Gold Rush Girl
Victoria Blaisdell longs for independence and adventure, and she yearns to accompany her father as he sails west in search of real gold! But it is 1848, and Tory isn’t even allowed to go to school, much less travel all the way from Rhode Island to California. Determined to take control of her own destiny, Tory stows away on the ship. Though San Francisco is frenzied and full of wild and dangerous men, Tory finds freedom and friendship there. Until one day, when Father is in the gold fields, her younger brother, Jacob, is kidnapped. And so Tory is spurred on a treacherous search for him in Rotten Row, a part of San Francisco Bay crowded with hundreds of abandoned ships. Beloved storyteller Avi is at the top of his form as he ushers us back to an extraordinary time of hope and risk, brought to life by a heroine readers will cheer for. Spot-on details and high suspense make this a vivid, absorbing historical adventure.
Praise For Gold Rush Girl…
—Booklist (starred review)
Avi evokes Gold Rush-era San Francisco through Tory's eyes with empathy and clarity while keeping the action lively. A splendidly exciting and accessible historical adventure.
Containing strong feminist themes, this fast-paced tale vividly contrasts the wildness of 19th-century San Francisco with stuffier New England. Tory is a brave yet naive protagonist, who makes a number of mistakes before proving herself a hero, and her dangerous encounters with unscrupulous villains provide nonstop excitement and suspense.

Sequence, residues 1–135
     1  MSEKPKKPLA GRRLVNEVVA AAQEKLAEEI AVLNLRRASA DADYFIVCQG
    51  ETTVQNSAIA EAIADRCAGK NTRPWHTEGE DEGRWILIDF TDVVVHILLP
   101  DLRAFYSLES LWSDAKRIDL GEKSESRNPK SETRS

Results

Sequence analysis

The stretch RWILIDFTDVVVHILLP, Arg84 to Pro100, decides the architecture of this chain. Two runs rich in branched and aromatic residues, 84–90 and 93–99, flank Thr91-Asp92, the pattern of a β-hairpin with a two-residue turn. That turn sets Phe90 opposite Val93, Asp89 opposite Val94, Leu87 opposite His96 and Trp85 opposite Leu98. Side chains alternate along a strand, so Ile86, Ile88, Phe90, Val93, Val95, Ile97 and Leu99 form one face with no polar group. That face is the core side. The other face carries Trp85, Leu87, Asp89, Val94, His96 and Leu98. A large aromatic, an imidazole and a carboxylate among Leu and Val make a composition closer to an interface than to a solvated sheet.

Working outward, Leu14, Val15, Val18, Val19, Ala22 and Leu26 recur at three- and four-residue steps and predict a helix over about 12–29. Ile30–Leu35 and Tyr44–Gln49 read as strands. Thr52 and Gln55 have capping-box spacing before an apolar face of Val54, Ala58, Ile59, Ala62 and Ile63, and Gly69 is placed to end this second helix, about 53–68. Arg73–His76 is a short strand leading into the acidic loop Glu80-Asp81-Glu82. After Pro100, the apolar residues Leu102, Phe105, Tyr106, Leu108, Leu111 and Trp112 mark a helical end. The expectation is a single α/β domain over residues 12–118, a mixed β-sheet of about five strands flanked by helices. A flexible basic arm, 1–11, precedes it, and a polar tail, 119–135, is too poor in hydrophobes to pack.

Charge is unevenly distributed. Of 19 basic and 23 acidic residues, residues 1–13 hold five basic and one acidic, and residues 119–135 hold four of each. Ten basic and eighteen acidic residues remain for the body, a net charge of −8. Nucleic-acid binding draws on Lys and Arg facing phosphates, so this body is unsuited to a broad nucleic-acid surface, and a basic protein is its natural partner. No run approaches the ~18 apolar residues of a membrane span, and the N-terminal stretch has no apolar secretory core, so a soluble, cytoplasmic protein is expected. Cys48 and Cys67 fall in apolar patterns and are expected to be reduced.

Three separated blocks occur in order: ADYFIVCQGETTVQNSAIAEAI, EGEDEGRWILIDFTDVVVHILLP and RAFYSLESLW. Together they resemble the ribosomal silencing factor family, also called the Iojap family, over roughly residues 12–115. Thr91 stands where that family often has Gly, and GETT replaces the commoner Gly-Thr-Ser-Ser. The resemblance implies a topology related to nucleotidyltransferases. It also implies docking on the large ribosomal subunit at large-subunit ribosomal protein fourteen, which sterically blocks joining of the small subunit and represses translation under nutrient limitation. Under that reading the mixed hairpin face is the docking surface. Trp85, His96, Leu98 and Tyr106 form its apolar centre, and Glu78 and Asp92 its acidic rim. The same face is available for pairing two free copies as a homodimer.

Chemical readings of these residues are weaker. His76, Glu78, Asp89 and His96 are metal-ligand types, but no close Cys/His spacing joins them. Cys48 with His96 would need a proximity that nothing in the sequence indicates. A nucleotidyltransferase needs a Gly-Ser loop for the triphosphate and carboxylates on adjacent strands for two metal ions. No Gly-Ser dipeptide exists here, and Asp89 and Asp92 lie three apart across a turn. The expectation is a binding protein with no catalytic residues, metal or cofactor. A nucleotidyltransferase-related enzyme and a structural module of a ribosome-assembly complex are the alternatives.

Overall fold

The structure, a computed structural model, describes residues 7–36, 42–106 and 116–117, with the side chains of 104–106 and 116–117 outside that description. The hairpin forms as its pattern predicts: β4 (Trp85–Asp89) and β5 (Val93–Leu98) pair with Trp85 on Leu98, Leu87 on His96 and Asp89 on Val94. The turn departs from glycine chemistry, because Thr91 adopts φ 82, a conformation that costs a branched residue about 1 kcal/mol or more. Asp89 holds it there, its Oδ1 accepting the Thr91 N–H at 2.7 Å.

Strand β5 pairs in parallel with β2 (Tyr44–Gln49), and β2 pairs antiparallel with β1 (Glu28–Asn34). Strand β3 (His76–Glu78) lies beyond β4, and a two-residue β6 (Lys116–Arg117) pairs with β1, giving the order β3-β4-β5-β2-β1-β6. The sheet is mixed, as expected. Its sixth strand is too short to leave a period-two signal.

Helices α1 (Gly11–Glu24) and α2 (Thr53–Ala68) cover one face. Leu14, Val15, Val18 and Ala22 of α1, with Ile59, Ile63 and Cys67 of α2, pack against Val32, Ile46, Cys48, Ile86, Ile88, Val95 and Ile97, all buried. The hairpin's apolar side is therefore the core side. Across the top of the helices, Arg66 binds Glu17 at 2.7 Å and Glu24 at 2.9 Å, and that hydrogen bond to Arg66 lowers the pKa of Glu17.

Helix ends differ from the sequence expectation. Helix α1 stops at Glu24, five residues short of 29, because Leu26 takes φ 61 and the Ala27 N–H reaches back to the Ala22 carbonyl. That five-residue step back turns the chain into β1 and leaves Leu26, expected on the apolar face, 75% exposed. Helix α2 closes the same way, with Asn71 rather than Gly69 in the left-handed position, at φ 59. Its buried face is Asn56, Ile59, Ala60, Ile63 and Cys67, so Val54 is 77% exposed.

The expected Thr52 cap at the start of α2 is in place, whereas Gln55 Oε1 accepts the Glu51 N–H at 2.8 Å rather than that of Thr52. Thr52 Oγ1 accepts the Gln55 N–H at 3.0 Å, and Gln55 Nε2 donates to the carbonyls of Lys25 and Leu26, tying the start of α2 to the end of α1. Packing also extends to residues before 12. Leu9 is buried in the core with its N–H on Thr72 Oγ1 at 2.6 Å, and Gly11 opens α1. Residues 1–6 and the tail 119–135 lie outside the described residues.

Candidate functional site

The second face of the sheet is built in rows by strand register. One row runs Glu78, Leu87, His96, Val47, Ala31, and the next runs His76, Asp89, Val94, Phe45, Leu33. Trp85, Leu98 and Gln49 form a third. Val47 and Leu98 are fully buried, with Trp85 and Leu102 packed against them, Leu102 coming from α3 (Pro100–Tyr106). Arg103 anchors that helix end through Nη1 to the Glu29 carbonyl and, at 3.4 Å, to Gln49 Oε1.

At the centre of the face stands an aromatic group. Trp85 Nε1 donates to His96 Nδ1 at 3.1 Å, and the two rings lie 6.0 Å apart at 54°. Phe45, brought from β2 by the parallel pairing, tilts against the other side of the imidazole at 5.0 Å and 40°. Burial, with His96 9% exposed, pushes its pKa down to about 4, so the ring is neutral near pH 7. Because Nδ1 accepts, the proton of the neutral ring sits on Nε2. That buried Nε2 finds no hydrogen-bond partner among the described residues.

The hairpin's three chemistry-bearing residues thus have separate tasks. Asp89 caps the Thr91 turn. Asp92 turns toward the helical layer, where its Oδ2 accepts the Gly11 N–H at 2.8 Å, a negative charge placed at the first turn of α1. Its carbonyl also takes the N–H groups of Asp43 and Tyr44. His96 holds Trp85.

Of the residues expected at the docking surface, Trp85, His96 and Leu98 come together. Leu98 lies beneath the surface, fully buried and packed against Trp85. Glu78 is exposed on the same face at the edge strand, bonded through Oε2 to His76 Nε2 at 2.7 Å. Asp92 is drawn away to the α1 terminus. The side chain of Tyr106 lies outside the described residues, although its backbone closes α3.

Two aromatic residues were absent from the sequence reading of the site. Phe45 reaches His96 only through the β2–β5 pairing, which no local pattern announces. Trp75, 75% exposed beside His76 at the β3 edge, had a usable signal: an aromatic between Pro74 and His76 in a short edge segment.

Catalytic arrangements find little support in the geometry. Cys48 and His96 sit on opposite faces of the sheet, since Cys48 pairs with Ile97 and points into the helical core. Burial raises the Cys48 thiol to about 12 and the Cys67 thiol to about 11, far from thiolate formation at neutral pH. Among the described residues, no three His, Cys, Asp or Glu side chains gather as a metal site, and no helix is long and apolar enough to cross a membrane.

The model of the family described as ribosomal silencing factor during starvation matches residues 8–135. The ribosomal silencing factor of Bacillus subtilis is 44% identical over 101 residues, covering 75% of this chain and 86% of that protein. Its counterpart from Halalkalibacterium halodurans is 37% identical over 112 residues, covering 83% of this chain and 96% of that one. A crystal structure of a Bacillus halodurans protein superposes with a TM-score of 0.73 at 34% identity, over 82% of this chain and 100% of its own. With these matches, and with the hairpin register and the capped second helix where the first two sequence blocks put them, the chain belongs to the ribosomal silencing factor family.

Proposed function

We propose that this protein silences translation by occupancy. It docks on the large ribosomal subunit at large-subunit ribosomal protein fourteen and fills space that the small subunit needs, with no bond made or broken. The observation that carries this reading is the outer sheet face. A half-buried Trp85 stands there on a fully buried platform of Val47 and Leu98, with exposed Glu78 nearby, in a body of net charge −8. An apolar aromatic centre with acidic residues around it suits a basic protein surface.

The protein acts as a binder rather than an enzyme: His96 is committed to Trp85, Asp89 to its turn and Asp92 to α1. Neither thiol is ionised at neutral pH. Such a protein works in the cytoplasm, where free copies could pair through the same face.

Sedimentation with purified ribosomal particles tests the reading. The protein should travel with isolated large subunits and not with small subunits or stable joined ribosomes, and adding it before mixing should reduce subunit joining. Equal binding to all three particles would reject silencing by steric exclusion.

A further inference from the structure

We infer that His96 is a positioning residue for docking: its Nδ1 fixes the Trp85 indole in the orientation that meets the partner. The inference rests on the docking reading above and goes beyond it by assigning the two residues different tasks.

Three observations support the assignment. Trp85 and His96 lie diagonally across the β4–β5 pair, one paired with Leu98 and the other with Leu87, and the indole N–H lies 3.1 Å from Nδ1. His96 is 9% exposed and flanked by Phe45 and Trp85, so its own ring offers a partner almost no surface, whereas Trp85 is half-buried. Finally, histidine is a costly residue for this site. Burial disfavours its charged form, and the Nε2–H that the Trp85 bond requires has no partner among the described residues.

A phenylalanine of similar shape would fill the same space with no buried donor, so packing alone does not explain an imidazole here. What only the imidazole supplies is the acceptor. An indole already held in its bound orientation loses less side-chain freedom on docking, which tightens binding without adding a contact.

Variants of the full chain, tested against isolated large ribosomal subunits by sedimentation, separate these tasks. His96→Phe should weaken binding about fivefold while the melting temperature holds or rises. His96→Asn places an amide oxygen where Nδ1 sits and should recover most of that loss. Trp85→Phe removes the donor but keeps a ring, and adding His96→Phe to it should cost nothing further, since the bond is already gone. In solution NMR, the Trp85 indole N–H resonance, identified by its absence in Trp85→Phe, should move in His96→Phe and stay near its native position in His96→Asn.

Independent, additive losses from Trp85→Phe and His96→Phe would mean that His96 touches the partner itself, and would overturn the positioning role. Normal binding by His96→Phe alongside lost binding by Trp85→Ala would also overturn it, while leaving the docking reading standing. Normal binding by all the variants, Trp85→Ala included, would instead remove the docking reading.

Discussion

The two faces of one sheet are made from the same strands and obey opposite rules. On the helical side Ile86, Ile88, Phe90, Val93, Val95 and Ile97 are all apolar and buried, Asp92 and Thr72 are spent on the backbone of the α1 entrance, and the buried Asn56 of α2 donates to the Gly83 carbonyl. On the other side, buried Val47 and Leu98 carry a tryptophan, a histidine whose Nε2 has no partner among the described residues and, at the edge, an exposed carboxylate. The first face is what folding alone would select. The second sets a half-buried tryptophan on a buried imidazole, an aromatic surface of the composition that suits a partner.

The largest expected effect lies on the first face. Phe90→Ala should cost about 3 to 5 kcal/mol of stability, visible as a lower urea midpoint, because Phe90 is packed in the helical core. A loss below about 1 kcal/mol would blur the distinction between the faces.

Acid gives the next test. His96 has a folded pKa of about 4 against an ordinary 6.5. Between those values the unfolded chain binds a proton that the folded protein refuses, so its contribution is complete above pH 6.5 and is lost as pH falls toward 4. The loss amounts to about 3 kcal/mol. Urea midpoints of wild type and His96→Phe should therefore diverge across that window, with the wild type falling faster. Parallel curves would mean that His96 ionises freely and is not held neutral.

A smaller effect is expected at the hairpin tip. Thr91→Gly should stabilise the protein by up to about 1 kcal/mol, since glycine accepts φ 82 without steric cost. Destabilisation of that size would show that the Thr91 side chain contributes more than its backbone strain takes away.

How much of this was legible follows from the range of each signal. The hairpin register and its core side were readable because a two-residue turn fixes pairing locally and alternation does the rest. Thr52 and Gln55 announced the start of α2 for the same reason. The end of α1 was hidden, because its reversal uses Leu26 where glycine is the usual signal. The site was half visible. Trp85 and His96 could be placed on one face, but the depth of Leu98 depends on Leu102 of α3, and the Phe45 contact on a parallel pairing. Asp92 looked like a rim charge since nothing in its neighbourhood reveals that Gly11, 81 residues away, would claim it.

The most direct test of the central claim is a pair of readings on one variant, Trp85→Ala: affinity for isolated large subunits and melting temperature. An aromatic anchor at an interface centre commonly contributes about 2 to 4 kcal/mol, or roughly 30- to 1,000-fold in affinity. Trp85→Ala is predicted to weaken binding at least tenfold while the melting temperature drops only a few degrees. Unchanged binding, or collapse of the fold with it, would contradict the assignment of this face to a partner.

When Victoria Blaisdell’s recently unemployed father catches gold fever and intends to head west, it’s Tory’s chance to escape her family’s rigid expectations...Tory still delivers the goods for adventure-hungry historical fiction fans.
—Bulletin of the Center for Children's Books
Avi once more proves himself a master of historical fiction, effectively using Tori’s search to immerse readers in the city’s sights and sounds. Fully realized supporting characters reflect the mélange of cultures and dreams that brought people to California in search of gold...A first purchase for all middle grade libraries.
—School Library Journal
Readers...will experience a great historical adventure through the streets, ships, and harbors of San Francisco. They'll learn about crimps who kidnap men and children and force them to work on ships. Readers will also fall in love with Tory, whose independence is tested when Jacob goes missing on her watch. She will join forces with her newfound friends to find the brother whom she once wished wasn't always around, but would ultimately risk her life to save.
—School Library Connection
Readers are thrust into a rip-roaring adventure, filled with suspense and danger, and open-ended enough for a sequel.
—The Horn Book